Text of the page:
When you lose someone close to you, whether it’s by tragedy, distance, or simply drifting apart, you usually go through the five stages of grief: denial, anger, bargaining, depression, and acceptance. Many people can deal with their grief, but for some, counseling or support groups offer people solace and comfort, a chance to talk about their loss and work through the grieving process together. In Joy Argento’s newest novel, Carrie And Hope, a support group serves as the jumping off point for Carrie and Hope, an unlikely pair of women with two very different reasons for being at the support group.
When we meet both women, neither one is thrilled about walking in to the support group and sharing her story with a bunch of strangers. One feels the simple act of her being at the meeting means she’s given up all hope; the other is there out of obligation and nothing more. Shortly after the support group starts, the women realize they won’t find any closure at the meeting, so they duck out and go for drinks. As they bonded over drinks and conversation, it reminded me of old friends catching up after a long absence. Nothing about their relationship seemed forced, and Argento does a phenomenal job drawing the reader in to Carrie and Hope’s individual stories as well as their relationship with each other.
What started out as a budding friendship slowly develops into more, but both women are hesitant to go any further. What holds them back is also what draws them closer together: neither woman has ever had a relationship with a woman before. Once the attraction becomes obvious, Carrie and Hope must not only deal with their romance, but also with the realities of their lives. Is their relationship strong enough to survive the pressures of the real world?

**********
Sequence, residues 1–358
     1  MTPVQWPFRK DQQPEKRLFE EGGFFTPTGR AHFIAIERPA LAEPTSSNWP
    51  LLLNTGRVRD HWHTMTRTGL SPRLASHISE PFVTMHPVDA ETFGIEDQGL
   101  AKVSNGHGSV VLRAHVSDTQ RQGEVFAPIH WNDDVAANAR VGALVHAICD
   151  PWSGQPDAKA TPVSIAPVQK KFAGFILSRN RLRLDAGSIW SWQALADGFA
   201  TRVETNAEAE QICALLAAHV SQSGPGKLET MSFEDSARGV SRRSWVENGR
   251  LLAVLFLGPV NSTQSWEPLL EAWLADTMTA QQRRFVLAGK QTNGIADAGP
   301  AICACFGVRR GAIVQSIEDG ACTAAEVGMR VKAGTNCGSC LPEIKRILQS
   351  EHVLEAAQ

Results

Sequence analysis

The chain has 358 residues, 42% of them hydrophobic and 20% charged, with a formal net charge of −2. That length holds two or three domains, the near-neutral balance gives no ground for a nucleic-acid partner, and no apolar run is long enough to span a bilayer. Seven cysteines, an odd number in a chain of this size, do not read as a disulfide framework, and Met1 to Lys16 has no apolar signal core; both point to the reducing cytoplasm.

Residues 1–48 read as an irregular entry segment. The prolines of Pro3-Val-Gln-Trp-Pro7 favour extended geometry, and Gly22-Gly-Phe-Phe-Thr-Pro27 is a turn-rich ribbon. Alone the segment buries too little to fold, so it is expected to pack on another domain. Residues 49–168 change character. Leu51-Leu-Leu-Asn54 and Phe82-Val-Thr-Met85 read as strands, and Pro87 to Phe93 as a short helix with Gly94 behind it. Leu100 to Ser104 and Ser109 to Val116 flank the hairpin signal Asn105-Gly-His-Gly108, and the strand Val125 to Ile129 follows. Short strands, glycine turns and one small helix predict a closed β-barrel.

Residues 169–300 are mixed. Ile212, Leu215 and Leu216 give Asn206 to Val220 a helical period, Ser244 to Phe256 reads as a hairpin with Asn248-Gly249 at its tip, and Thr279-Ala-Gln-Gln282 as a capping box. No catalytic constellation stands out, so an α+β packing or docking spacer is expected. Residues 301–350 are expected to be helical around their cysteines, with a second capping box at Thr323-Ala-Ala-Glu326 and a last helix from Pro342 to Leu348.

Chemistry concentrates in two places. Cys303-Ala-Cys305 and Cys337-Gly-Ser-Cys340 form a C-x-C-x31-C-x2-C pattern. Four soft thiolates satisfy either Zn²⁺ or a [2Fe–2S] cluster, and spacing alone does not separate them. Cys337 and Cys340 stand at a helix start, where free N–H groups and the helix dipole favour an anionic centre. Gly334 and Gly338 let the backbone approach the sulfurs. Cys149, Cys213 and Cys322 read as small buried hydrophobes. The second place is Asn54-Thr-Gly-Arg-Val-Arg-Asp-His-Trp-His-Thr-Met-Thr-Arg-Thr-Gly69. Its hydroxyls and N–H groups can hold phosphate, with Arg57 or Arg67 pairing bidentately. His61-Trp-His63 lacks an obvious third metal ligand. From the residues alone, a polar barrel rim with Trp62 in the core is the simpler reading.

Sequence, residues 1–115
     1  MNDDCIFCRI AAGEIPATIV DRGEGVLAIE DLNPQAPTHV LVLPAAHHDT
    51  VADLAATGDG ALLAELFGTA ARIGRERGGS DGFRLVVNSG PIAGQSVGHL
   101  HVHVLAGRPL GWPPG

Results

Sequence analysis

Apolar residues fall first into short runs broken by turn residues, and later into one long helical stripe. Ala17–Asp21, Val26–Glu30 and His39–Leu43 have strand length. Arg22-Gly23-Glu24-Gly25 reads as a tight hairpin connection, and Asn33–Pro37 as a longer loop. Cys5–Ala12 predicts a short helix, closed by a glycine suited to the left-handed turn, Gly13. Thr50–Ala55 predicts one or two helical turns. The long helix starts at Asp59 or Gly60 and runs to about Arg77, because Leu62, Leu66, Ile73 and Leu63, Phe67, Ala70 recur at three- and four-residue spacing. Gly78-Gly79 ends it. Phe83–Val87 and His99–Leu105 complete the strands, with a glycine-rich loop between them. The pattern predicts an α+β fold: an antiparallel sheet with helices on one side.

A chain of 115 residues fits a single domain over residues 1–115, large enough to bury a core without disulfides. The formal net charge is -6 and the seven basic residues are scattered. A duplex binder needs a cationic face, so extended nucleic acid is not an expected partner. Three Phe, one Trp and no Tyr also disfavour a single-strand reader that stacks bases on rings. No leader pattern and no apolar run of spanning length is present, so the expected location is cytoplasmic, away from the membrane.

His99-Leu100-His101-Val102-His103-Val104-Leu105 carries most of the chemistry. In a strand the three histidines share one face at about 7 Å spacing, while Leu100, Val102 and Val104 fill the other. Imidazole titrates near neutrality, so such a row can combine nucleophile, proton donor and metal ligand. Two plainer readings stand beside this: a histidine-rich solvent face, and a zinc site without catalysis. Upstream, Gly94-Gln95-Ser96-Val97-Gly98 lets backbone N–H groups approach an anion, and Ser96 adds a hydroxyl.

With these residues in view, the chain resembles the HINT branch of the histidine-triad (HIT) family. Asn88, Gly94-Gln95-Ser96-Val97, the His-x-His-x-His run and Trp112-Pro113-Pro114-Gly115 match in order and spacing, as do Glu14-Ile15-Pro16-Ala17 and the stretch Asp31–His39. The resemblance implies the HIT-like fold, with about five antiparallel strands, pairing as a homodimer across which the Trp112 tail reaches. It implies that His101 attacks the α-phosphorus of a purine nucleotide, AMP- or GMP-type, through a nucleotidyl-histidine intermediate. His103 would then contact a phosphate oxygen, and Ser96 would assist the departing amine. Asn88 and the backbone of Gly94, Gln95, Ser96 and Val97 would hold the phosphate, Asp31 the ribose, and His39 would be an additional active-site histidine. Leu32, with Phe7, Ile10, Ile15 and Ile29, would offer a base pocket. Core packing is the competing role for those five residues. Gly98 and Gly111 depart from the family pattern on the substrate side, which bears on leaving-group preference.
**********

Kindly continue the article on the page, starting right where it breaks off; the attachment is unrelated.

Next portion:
What really struck me about Joy Argento’s novel, Carrie and Hope, was how true-to-life the relationship between the main characters is. There’s no whirlwind romance, no glass slipper, just casual conversations, a lot of laughs, and the support each woman shows for each other in their respective times of need. From their first conversation in the bar, Carrie and Hope seem like old friends reconnecting after time apart. While each woman leads a separate life and has her own grief to work through, it’s the connection both women share with each other, the comfort and support, that really defines their relationship and ultimately helps both women come to terms with what she has lost and how much she has gained.
While Carrie and Hope was a heartfelt story of two women finding comfort with each other and peace with their respective situations, the lack of careful editing prevented this from being a truly wonderful novel. With a bit of proofreading, and maybe a red pen or two, Joy Argento’s novel would be one I would highly recommend.